Schnieder Symmar 5.6/150mm

Discussion in 'Large Format Cameras and Accessories' started by rcovingt, Dec 10, 2008.

  1. rcovingt

    rcovingt Member

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    Schneider website indicates front or rear element can be removed from this lens.

    Any preferences which and why would be appreciated.

    Will be going out this weekend to do some portrait work and would like to be able to visualize a bit of what to expect.

    Best regards

    Robert
     
  2. Ian Grant

    Ian Grant Subscriber

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    Somewhere there's a thread about this. When you remove the rear elements it supposed to be a reasonable soft focus lens at moderate apertures, but is better the other way for normal work when stopped down well. It's not brilliant as a long focus lens, I've tried it and and it's barely usable. But for portraits it's worth a go.

    Ian
     
  3. Frank Szabo

    Frank Szabo Member

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    I've had a number of different lenses over the years and almost all of them would accomplish this "feat" after one element or another was removed.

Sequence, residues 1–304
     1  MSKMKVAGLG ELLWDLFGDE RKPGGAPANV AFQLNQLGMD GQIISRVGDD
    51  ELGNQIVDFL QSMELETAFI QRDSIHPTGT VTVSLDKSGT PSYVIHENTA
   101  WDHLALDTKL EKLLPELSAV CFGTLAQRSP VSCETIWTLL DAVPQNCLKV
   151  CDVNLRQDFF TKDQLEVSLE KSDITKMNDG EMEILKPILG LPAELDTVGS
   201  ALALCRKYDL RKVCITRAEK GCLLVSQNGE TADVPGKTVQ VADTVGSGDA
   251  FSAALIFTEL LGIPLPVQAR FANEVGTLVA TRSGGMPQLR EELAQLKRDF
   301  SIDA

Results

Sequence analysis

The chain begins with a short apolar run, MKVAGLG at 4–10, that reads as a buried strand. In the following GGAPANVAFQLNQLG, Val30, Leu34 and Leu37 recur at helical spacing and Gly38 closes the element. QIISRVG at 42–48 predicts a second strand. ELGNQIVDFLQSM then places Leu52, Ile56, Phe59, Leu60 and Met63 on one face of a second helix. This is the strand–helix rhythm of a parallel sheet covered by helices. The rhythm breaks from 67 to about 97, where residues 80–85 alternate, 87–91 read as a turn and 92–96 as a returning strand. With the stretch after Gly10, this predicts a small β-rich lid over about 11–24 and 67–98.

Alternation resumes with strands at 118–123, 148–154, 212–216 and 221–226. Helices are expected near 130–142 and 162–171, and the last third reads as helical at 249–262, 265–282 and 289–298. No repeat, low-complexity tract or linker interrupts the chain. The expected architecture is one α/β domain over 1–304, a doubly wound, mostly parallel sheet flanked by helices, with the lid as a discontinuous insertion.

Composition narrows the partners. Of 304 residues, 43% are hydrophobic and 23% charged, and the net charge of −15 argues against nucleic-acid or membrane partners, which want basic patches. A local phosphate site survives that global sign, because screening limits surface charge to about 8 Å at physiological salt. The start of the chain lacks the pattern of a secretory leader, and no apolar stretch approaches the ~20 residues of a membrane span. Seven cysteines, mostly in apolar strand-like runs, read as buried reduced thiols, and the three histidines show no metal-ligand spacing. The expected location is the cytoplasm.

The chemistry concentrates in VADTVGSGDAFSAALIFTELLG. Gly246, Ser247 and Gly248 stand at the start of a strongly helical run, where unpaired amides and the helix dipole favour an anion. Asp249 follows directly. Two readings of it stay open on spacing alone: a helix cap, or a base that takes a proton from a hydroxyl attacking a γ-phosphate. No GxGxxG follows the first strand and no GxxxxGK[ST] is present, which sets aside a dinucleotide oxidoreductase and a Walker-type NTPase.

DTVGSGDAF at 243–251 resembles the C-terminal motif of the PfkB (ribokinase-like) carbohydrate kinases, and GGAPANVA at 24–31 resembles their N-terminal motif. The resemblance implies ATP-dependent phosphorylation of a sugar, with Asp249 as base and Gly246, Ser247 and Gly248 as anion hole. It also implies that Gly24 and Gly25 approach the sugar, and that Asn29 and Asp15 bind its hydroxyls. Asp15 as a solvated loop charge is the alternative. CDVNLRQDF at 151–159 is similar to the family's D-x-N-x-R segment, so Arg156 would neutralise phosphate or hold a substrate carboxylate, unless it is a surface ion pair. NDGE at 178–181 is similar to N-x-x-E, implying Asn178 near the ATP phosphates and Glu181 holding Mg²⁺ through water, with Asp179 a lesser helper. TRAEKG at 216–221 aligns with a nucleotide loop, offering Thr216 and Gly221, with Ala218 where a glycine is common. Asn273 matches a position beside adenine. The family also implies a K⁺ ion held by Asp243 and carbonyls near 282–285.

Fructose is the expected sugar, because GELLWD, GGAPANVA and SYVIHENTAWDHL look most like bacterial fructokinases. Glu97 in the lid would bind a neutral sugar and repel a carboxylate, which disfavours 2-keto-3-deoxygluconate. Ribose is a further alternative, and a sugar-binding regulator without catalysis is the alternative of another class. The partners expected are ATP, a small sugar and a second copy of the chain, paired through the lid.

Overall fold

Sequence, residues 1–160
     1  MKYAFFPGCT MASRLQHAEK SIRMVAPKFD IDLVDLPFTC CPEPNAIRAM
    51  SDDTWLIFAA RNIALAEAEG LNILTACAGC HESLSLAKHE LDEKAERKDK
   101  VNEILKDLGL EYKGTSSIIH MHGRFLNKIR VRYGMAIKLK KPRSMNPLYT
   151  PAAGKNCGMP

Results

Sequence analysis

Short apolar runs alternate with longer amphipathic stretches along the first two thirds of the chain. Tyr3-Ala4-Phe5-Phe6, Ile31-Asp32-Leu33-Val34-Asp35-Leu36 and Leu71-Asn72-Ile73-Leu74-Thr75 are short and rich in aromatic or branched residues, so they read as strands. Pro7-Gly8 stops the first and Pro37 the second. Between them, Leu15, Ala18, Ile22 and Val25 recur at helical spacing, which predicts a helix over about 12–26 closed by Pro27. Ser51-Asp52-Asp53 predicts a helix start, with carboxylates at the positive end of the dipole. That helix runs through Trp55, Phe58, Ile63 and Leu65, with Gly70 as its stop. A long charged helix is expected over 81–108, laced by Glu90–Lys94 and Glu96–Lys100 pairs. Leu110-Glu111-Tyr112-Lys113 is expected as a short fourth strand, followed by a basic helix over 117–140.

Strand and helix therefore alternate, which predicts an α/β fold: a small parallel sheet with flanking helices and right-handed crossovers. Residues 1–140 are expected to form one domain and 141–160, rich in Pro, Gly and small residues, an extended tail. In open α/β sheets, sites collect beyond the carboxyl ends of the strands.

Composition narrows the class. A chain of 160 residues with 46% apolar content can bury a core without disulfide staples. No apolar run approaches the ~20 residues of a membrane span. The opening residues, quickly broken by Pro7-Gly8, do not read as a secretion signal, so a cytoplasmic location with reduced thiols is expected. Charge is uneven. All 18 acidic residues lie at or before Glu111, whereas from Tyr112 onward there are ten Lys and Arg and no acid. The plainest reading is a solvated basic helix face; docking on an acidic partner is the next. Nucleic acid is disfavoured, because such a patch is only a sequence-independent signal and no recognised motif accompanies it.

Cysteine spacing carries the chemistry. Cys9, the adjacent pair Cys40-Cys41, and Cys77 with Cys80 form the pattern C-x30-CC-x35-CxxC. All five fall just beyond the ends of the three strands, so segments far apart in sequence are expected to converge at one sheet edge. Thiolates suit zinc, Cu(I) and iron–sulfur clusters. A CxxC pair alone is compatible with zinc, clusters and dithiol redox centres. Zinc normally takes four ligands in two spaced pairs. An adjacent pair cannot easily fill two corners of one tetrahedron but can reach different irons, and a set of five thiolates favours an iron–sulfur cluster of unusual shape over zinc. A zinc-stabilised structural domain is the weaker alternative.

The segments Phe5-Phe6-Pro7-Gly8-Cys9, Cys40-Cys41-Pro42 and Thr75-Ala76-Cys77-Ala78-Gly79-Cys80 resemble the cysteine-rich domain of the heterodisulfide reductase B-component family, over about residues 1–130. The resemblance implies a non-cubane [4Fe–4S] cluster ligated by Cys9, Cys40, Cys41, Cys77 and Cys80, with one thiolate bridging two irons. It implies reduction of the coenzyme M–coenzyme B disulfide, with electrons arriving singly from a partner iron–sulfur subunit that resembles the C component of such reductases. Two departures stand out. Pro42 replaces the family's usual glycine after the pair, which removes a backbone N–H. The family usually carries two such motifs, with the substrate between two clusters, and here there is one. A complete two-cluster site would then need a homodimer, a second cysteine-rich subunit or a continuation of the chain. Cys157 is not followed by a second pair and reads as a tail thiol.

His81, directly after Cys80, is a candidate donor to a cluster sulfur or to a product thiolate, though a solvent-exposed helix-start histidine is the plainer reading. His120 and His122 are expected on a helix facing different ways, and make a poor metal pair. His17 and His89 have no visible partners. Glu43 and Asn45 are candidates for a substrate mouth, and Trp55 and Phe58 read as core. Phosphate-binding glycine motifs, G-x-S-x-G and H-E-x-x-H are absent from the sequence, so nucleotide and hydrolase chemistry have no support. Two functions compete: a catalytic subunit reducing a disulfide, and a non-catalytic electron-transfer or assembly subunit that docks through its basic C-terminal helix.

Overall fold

One does have to measure and refigure the aperture or shoot some Polaroid/Fuji but it worked.
     
  4. Ian Grant

    Ian Grant Subscriber

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    If it's a Symmar it has a dual scale, so the apertures are marked.

    Ian
     
  5. edtbjon

    edtbjon Member

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    Ian knows these things, but just to clarify...
    A 150 should land on 265 or so when you remove the front cell. If you are trying to use the lens as a longer lens (and for that purpose), you have to use it at small aperture openings (else it's very soft and low-contrast). Also, most convertible Symmars I've seen are normally at f/12 when the front is taken off. So, if your shutter doesn't have the dual aperture scale, try calculating with 2 1/3 extra stop for starters (set the aperture at f/22 and it's really f/45 1/3).
    A yellow filter (orange, red ...) will help both sharpness and contrast, as the results to start with arn't that impressive.
    If you really want a longer lens, this is a "last rescue". The only way to get quality is to buy a longer lens.

    //Björn